Limited Edition: Cleansing Balm with Organic Camellia Oil

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Propriétés argile jaune cheveux.

Yellow Clay: What are its benefits for hair?

Yellow clay is gentle and less irritating than other types of clays. Besides its benefits for the skin, it can also be used to improve the condition of hair, and more specifically the scalp. Learn more about the benefits of yellow clay in hair application.

The yellow clay, in summary.

Clay is a sedimentary rock abundant in trace elements and minerals (silica, magnesium, potassium, calcium, zinc, copper...). Its properties vary according to its colour. This latter is determined by the nature and proportion of the minerals it contains. Thus, there are yellow, green, pink, white clays... Like other clays, yellow clay, also known as yellow illite, is extracted from rocks sedimentary. This natural mineral owes its colouration to the presence of a natural ochre pigment. Compared to other clays, yellow clay is renowned for its gentleness and non-irritating effect. It is therefore the ally of skin and sensitive scalp.

The yellow clay for mattifying the scalp.

Matifying, yellow clay is an ingredient often found in shampoos or masks intended for individuals whose hair becomes greasy quickly. This ingredient is indeed capable of absorbing excess sebum at the scalp level and ridding it of its impurities. Yellow clay thus leaves the hair light and soft. By preventing the accumulation of sebum, it also helps to combat dandruff. Studies have indeed highlighted that in some cases there is a link between an overproduction of sebum and the appearance of dandruff. This is explained by the fact that dandruff is sometimes due to the proliferation of Malassezia type fungi that feed on sebum.

Yellow clay has antimicrobial properties.

Yellow clay also possesses adsorbent properties, derived from its ionic composition and crystalline structure. Indeed, yellow clay carries a negative charge at its core and a positive charge on its surface. This charge difference allows it to bind certain microorganisms to its surface for elimination. Thus, the application of a treatment enriched with yellow clay contributes to "purifying" the scalp and cleansing it.

Yellow clay could potentially prevent the occurrence of split ends and white hair.

Yellow clay is composed of several metals, some of which possess antioxidant properties. This is particularly the case with iron, which is capable of neutralising free radicals through an electron donation. These reactive species can potentially weaken the hair follicle, and promote hair loss and split ends. Therefore, the application of yellow clay to the hair has a protective effect on the hair and limits the effects of exposure to UV radiation and pollution.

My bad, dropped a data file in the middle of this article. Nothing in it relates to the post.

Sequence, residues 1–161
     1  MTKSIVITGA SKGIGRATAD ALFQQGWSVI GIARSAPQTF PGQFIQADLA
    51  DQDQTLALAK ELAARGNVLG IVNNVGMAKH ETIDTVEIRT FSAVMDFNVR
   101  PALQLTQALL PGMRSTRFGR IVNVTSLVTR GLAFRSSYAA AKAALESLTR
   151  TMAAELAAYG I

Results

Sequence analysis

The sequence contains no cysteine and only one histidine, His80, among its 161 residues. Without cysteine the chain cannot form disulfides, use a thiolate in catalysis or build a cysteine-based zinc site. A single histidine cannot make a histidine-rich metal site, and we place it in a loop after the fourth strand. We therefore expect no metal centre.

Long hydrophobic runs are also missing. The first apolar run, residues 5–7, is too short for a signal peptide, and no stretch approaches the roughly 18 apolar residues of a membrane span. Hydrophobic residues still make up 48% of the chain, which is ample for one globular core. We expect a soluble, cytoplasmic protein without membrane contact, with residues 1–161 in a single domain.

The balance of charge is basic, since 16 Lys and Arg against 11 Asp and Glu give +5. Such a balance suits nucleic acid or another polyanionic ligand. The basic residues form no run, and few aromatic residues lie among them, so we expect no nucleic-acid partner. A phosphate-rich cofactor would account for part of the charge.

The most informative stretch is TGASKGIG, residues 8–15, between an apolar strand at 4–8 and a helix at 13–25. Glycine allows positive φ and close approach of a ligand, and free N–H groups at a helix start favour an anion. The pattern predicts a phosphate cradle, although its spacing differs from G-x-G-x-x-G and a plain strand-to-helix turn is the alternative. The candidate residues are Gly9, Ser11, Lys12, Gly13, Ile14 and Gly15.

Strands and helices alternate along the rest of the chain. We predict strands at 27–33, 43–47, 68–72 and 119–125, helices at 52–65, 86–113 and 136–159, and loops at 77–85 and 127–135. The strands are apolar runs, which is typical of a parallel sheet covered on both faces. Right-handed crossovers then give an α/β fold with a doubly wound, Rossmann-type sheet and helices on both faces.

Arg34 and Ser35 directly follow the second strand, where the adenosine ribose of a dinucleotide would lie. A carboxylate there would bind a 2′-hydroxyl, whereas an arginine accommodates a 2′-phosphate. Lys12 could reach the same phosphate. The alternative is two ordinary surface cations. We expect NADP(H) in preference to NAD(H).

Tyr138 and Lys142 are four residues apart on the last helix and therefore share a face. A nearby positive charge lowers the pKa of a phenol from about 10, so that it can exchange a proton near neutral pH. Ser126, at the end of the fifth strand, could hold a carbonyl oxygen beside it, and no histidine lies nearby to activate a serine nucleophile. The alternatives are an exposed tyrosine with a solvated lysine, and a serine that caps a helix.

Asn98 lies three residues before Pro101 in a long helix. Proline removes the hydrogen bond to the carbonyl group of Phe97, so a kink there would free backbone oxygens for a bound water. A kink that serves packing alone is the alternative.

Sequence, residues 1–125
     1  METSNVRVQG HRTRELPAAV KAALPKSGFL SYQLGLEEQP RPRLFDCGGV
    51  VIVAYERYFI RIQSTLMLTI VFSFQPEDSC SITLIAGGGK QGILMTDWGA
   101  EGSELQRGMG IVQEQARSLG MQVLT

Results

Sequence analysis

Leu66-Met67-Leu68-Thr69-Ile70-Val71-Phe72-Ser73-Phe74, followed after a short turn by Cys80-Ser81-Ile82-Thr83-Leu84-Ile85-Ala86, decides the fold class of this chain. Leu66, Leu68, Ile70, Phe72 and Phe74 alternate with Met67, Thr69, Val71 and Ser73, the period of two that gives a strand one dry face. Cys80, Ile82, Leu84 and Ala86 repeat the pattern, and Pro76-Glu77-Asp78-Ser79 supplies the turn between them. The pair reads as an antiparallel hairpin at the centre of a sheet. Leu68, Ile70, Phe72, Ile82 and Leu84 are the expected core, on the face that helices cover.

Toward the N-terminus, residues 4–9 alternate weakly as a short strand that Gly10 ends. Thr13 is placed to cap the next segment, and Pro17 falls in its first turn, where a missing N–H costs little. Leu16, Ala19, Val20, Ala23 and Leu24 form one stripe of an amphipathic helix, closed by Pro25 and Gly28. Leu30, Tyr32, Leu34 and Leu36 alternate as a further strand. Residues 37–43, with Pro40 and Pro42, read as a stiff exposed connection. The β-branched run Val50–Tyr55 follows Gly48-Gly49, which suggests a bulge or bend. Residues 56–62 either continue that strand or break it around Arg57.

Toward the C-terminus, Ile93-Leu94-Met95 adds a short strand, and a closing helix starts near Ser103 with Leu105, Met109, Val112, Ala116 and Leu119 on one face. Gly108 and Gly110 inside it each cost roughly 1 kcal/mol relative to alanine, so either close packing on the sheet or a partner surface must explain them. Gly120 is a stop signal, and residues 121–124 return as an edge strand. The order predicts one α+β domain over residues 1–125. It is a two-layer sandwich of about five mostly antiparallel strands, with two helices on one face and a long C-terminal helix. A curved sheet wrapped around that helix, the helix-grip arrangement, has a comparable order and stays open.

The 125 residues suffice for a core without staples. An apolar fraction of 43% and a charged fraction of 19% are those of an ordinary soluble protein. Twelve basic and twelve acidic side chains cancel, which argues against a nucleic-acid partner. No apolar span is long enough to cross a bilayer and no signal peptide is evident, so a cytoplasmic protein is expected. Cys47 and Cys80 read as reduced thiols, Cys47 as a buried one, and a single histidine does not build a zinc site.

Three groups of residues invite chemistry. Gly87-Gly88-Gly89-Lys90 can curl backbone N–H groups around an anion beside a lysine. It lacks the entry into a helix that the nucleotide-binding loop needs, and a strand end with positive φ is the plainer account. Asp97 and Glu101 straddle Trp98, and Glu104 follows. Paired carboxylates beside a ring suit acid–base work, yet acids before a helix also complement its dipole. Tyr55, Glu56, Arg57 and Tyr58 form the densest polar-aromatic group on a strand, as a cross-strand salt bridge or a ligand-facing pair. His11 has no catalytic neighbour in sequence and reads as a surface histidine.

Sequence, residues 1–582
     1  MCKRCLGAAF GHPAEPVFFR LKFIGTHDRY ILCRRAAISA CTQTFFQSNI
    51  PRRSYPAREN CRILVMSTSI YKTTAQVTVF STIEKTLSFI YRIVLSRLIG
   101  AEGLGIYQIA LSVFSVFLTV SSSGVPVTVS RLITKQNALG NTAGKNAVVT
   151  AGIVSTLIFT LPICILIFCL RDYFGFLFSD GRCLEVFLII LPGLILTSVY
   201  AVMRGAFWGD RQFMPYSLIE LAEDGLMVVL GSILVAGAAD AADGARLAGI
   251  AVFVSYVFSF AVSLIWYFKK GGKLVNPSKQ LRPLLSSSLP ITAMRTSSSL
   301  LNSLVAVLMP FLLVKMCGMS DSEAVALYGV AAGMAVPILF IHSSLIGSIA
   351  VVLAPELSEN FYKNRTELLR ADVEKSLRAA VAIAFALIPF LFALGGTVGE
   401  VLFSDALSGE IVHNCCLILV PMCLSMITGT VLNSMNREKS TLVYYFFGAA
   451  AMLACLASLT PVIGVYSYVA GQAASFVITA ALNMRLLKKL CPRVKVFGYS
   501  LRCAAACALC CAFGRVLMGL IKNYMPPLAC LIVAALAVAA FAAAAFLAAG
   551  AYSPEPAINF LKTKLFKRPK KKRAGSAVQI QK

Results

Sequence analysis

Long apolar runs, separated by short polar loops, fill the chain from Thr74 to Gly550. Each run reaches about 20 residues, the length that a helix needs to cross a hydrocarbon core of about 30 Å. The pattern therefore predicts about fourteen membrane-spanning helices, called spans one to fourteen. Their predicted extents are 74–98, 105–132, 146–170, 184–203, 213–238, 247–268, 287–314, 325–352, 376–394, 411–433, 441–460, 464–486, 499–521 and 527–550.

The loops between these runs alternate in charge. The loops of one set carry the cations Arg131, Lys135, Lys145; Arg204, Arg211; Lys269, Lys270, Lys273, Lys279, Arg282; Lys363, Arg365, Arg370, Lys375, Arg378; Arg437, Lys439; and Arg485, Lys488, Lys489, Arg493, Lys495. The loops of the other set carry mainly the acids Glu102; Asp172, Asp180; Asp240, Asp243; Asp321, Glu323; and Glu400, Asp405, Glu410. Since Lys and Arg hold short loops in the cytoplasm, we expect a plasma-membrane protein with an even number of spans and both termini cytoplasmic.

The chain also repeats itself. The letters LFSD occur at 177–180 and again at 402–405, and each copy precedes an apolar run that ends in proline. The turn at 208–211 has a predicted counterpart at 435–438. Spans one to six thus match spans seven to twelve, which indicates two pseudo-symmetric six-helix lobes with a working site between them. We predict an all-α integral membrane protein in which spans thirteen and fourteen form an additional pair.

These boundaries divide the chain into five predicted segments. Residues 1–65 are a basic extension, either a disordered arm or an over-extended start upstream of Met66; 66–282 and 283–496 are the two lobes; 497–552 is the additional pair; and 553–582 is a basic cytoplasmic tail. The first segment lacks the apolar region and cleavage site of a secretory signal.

Furthermore, it slows down the appearance of grey hair, which a study has shown to be correlated with the presence of free radicals. Indeed, although the mechanism by which these operate at the level of hair fibres remains poorly understood, it seems that free radicals could trigger a chain reaction leading to the degradation of melanin, the pigment that gives hair its colour.

This pertains to indirect evidence, as no study has demonstrated that yellow clay itself prevents the occurrence of split ends and white hair.

Yellow clay is said to strengthen the hair follicle and the hair fibre.

The presence of copper in yellow clay might suggest that this ingredient could have a strengthening effect on the hair bulb and hair fibre. Indeed, this metal plays a role in the synthesis of collagen, a protein that surrounds and structures the follicular units. Moreover, copper is necessary for the activity of lysyl oxidase, the enzyme catalysing the formation of aldehydes from lysines. The aldehydes produced during this reaction then assemble amongst themselves, which causes the cross-linking of collagen fibres.

Indeed, according to some studies, collagen would stimulate the synthesis of keratin, the main constituent of hair. This fibrous protein contributes to the structure and protection of hair fibres. It forms the scales of the cuticle, the outermost layer of the hair. This layer ensures the impermeability of the hair fibre and the protection of the cortex.

Let us note that once again we are dealing with indirect evidence, as the scientific studies have not been conducted on yellow clay, but on copper, antioxidants and collagen.


  • CARRETERO M. Clay minerals and their beneficial effects upon human health: a review. Applied Clay Science (2002).

  • SEIBERG M. Age-induced hair greying - the multiple effects of oxidative stress. International Journal of Cosmetic Science (2013).

  • Thèse de François HERNOT. L’argile, son utilisation à l’officine (2016).


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